Banqueting House - London, England
Posted by: Groundspeak Premium Member Marine Biologist
N 51° 30.286 W 000° 07.585
30U E 699423 N 5709874
Quick Description: Although it has been modified a bit, the Banqueting House is the only integral building of the Whitehall Palace complex that is still standing. It is listed as one of the Great Buildings of the World.
Location: London, United Kingdom
Date Posted: 6/21/2012 7:18:48 PM
Waymark Code: WMEP51
Published By: Groundspeak Charter Member BruceS
Views: 5

Long Description:
"The Banqueting House, Whitehall, London, is the grandest and best known survivor of the architectural genre of banqueting house, and the only remaining component of the Palace of Whitehall. The building is important in the history of English architecture as the first building to be completed in the neo-classical style which was to transform English architecture.

Begun in 1619, and designed by Inigo Jones in a style influenced by Palladio, the Banqueting House was completed in 1622 at a cost of £15,618, 27 years before King Charles I of England was executed on a scaffold in front of it in January 1649.

The building was controversially re-faced in Portland stone in the 19th century, though the details of the original façade were faithfully preserved. Today, the Banqueting House is a national monument, open to the public and preserved as a Grade I listed building. It is cared for by an independent charity, Historic Royal Palaces, which receives no funding from the Government or the Crown.


The Palace of Whitehall was largely the creation of King Henry VIII, expanding an earlier mansion that had belonged to Cardinal Wolsey, originally known as York Place. The King was determined that his new palace should be the "biggest palace in Christendom", a place befitting his newly created status as the Supreme Head of the Church of England. All evidence of the disgraced Wolsey was eliminated and the building rechristened the Palace of Whitehall.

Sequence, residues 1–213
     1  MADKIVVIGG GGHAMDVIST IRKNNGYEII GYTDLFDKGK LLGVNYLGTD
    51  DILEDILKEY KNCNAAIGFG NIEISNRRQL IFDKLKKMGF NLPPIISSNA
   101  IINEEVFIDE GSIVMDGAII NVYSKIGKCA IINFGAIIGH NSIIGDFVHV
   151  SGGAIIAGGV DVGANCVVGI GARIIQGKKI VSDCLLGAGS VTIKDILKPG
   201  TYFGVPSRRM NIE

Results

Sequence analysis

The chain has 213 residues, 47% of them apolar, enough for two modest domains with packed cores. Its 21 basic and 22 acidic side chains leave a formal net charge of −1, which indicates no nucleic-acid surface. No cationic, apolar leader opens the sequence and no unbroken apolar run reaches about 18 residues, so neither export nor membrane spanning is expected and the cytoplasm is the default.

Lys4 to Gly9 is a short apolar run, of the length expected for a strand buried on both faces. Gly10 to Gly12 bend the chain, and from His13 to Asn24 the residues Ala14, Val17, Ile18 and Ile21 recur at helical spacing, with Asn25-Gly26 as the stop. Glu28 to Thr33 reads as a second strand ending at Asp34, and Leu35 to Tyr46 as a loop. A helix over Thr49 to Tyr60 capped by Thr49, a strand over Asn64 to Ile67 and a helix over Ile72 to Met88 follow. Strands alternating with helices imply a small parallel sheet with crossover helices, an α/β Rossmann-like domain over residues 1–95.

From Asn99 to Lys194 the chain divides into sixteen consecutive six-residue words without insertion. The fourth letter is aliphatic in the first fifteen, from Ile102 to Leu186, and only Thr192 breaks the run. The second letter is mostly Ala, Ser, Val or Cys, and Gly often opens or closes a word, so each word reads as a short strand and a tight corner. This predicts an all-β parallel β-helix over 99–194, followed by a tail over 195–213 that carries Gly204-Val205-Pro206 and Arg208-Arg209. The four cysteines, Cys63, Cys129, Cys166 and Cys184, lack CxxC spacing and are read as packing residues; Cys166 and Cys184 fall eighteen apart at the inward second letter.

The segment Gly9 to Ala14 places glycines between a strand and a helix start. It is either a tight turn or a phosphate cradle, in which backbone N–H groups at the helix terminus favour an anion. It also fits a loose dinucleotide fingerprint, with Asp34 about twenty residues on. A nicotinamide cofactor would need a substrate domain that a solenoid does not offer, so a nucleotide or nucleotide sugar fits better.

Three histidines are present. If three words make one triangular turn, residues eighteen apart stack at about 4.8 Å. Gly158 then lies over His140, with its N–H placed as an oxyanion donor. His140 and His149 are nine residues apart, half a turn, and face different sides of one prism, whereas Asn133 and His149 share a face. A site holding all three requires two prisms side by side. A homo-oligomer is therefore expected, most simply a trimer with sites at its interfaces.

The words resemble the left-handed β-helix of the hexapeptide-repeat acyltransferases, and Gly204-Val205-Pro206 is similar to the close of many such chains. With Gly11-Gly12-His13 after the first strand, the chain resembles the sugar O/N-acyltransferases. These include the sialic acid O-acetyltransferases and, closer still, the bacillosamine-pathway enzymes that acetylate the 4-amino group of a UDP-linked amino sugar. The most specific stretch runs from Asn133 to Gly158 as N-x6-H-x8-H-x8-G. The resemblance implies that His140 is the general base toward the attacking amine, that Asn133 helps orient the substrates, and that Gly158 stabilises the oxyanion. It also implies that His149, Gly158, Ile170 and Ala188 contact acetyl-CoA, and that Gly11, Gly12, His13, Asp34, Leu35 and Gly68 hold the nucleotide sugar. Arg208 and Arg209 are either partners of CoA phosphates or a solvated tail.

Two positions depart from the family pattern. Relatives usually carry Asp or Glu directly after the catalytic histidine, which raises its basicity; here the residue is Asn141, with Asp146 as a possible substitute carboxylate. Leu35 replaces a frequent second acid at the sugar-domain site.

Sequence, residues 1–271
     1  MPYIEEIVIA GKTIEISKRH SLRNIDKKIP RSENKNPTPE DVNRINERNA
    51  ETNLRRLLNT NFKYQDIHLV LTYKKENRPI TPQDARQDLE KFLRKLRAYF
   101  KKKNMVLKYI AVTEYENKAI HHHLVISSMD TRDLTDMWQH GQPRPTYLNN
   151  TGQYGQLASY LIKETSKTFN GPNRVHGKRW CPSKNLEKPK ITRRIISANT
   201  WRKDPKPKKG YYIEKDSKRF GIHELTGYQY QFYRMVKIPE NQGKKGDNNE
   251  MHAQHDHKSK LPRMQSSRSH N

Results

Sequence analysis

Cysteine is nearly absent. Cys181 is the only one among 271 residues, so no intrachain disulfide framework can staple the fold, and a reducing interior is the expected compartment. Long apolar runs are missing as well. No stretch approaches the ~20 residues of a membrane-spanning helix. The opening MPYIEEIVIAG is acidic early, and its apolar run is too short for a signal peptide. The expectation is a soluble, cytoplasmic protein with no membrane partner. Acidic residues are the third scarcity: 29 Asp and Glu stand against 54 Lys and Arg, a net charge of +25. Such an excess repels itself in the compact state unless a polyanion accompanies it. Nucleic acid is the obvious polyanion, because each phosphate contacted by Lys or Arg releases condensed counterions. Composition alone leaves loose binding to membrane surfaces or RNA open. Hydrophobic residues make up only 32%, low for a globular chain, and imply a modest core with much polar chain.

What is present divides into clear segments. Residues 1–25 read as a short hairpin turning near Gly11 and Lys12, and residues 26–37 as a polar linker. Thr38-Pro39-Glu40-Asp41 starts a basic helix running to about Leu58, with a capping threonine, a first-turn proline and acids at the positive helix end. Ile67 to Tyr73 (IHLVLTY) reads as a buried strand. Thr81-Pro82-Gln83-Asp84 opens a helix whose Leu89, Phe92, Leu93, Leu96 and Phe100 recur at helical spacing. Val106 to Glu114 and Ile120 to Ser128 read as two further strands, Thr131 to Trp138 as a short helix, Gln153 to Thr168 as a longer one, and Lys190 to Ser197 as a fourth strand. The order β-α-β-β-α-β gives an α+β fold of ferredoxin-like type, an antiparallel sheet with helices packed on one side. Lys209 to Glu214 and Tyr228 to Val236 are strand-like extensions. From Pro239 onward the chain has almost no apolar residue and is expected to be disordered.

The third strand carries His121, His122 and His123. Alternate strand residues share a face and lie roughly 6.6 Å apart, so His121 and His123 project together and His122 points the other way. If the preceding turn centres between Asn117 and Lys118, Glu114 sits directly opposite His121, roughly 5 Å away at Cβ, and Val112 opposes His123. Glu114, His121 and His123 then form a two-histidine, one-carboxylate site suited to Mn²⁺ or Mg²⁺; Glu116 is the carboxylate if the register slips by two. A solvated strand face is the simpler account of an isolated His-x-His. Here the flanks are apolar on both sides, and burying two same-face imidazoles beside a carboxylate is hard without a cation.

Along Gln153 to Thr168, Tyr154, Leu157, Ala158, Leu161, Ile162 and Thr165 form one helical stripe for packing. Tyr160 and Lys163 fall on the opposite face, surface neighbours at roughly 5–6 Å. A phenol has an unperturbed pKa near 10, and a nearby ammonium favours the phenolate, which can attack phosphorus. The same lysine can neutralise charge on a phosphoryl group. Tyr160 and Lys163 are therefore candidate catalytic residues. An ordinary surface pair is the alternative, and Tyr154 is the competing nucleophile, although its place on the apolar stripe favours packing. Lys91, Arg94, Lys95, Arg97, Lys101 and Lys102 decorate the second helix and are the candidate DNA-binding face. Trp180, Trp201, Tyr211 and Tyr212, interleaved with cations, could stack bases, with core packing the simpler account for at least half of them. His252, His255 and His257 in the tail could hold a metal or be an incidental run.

During Henry's reign, the palace had no designated banqueting house, the King preferring to banquet in a temporary structure purpose-built in the gardens. The first permanent banqueting house at Whitehall had a short life. It was built for James I but was destroyed by fire in January 1619, when workmen, clearing up after New Year's festivities, decided to incinerate the rubbish inside the building.

An immediate replacement was commissioned from the fashionable architect Inigo Jones. Jones had spent time in Italy studying the architecture evolving from the Renaissance and that of Palladio, and returned to England with what at the time were revolutionary ideas: to replace the complicated and confused style of the Jacobean English Renaissance with a simpler, classically inspired design. His new banqueting house at Whitehall was to be a prime example of this. Jones made no attempt to harmonise his design with the Tudor palace of which it was to be part.


The design of the Banqueting House is classical in concept. It introduced a refined Italianate Renaissance style that was unparalleled in the free and picturesque Jacobean architecture of England, where Renaissance motifs were still filtered through the engravings of Flemish Mannerist designers. The roof is all but flat and the roofline is a balustrade. On the street façade, all the elements of two orders of engaged columns, Corinthian over Ionic, above a high rusticated basement, are interlocked in a harmonious whole.